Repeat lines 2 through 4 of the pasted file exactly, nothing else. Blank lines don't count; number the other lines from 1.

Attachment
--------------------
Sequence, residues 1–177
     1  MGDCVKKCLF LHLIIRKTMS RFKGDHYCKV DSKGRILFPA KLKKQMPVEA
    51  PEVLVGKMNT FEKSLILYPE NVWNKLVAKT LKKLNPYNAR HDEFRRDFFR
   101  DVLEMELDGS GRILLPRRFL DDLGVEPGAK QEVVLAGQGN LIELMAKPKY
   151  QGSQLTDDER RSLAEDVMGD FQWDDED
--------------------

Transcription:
     1  MGDCVKKCLF LHLIIRKTMS RFKGDHYCKV DSKGRILFPA KLKKQMPVEA
    51  PEVLVGKMNT FEKSLILYPE NVWNKLVAKT LKKLNPYNAR HDEFRRDFFR
   101  DVLEMELDGS GRILLPRRFL DDLGVEPGAK QEVVLAGQGN LIELMAKPKY